One of the questions guests ask themselves or us before coming to Estancia La Margarita (www.estancialamargrita.com ) is how to get here. There are basically three options i.e. by bus, by taking a taxi or by renting a car and driving here. Lots of guests opt for the first option as its pretty cheap and easy. Others have decided to rent a car and take in some other sites while on the road to La Margarita visiting say Mar de Plata (https://en.wikipedia.org/wiki/Mar_del_Plata) to see what all the fuss is about in Argentina’s top coastal resort or they head down to the Sierra de Ventanas a gorgeous hilly area in Provincia about 200kms from La Margarita (http://www.welcomeargentina.com/sierradelaventana/index_i.html)
Many that have chosen to drive here have asked me what’s driving like in Argentina. Since I have driven here for the past 12 years and experienced all sorts of driving conditions I fell pretty qualified to answer the question.
First thing to remember is that Argentine drives on the right (www.whatsideoftheroad.com) just bear that in mind if you are from a left driving country.
|This did have brakes thank goodness!|
Over the years driving here has got less and less how shall we say precarious. Course that doesn’t mean its totally safe but it is a lot better for sure than say 15 years ago. When I first came here and started to drive it was just after the financial crises. I was amazed at the state of the cars that were being used to drive on the roads here. Talk about being held together with rubber bands and cello tape. I used to take pictures of these cars that amazingly still started up and crawled along the Argentine roads. These cars presented all sorts of hurdles re- safe driving here. The old bangers were precarious to say the least as regards many had little or no brakes and steering was gangster driving at its best. They crawled along the roads causing all sorts of congesting as cars tried to over take them and many had accidents as well with no brakes so how could they stop gulp! It seemed the police didn’t think they were a problem as they sailed through any road checks. That or they were just too afraid to try and stop them for fear of being run over (goodness knows what the roads checks where looking for so few of these bangers seemed to be stopped). Just to illustrate how bad the situation was. When I went to buy a second hand truck for the estancia about 13 years ago I pointed out to one owner after taking his truck for a test drive that it had no brakes. He casually said it’s not the brakes that are important it’s the engine just use the gears to stop!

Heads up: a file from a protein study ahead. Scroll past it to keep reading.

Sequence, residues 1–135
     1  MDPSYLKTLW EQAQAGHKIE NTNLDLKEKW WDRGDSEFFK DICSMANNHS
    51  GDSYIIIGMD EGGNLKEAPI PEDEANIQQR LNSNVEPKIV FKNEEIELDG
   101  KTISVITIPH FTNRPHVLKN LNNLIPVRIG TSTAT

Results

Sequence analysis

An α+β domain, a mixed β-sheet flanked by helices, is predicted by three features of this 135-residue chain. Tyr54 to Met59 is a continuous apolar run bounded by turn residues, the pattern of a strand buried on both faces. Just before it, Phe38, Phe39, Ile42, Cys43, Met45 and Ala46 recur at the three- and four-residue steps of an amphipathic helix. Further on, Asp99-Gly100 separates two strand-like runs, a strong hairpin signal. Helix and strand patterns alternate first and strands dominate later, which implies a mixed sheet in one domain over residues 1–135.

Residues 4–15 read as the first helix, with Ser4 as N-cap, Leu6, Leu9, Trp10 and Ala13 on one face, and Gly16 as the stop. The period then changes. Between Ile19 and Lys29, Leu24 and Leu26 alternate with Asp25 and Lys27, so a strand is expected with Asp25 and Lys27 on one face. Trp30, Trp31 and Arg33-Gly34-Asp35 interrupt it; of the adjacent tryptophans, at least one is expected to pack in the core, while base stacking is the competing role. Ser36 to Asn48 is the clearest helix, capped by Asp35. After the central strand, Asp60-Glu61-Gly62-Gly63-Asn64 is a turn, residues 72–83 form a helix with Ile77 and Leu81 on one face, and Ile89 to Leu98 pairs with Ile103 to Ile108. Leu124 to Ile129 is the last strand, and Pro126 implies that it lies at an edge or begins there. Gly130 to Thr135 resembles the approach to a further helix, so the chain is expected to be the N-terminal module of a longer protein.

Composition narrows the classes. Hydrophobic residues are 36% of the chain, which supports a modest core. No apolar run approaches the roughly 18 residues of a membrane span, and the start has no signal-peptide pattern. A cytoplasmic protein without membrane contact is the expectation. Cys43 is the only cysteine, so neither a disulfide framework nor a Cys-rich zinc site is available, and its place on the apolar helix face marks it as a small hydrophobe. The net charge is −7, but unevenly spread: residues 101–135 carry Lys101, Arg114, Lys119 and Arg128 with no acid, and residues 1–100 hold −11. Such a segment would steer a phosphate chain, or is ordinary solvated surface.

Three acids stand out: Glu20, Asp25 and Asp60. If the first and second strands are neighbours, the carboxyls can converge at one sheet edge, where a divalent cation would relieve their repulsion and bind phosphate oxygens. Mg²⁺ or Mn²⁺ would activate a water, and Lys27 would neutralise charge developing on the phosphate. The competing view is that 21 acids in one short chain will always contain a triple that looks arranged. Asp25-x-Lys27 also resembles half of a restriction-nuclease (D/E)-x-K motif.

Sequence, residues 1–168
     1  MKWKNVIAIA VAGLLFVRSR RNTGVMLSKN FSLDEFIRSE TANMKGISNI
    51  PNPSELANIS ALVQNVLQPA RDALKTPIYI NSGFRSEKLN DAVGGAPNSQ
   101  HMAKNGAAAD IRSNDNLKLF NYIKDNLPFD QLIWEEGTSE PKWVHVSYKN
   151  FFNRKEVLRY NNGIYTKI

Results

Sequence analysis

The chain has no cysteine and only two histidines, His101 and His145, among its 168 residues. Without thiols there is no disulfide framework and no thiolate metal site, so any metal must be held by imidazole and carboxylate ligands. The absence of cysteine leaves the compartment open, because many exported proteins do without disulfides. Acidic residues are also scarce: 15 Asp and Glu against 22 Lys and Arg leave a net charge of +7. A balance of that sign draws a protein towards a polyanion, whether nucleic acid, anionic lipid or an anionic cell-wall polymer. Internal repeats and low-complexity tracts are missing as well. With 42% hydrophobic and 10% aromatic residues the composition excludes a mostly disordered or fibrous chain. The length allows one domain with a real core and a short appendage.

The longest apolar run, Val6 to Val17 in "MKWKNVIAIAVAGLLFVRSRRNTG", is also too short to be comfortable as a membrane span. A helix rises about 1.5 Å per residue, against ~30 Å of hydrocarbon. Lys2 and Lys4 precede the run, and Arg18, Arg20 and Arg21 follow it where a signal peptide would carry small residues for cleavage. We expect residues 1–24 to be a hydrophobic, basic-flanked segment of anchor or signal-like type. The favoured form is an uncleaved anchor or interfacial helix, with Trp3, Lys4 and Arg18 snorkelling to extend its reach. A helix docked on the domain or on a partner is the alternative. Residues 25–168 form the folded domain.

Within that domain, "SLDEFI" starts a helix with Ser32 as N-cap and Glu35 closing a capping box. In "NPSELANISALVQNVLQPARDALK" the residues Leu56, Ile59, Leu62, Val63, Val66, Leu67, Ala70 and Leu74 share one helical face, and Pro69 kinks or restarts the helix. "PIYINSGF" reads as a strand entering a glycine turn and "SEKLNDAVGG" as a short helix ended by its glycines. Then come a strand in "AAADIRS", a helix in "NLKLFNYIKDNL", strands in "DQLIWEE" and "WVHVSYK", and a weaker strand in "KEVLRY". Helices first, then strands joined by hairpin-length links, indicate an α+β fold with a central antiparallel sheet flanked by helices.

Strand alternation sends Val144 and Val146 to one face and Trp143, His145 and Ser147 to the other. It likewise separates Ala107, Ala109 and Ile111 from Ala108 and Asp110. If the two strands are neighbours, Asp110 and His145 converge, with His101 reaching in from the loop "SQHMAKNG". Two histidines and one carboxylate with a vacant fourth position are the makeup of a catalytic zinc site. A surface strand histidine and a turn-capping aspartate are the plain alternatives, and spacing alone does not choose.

Over the years as the economy has improved so did the standard of the cars and the old bangers are gradually disappearing. Don’t get me wrong there are still many on the road but much fewer these days. The thing to watch out for these days if you are driving up to 150 kms outside of the city is speed. In the porteños (http://www.urbandictionary.com/define.php?term=Porteño ) desperation to leave the city and get to those wonderful green open spaces of Provincia called la pampas they speed as in the film! Thing is there is very little control to stop them. There are very few speed cameras and no speed cops. For those of you who hate speed cameras apart from the first 40-50klm, leaving the city you won’t find any obstacle to stop you doing a ton on the roads of Argentina - just watch out for loose cows and horse though!